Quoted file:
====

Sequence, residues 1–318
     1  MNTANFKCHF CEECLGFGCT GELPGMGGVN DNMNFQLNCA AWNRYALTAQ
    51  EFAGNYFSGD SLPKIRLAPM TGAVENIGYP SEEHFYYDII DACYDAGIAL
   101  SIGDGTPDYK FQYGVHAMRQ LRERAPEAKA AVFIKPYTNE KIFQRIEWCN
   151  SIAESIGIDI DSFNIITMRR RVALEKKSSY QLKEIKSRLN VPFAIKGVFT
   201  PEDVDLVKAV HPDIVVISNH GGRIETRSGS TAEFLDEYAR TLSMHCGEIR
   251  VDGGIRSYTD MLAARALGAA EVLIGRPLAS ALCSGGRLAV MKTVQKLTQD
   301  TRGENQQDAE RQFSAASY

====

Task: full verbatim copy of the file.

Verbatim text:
Sequence, residues 1–318
     1  MNTANFKCHF CEECLGFGCT GELPGMGGVN DNMNFQLNCA AWNRYALTAQ
    51  EFAGNYFSGD SLPKIRLAPM TGAVENIGYP SEEHFYYDII DACYDAGIAL
   101  SIGDGTPDYK FQYGVHAMRQ LRERAPEAKA AVFIKPYTNE KIFQRIEWCN
   151  SIAESIGIDI DSFNIITMRR RVALEKKSSY QLKEIKSRLN VPFAIKGVFT
   201  PEDVDLVKAV HPDIVVISNH GGRIETRSGS TAEFLDEYAR TLSMHCGEIR
   251  VDGGIRSYTD MLAARALGAA EVLIGRPLAS ALCSGGRLAV MKTVQKLTQD
   301  TRGENQQDAE RQFSAASY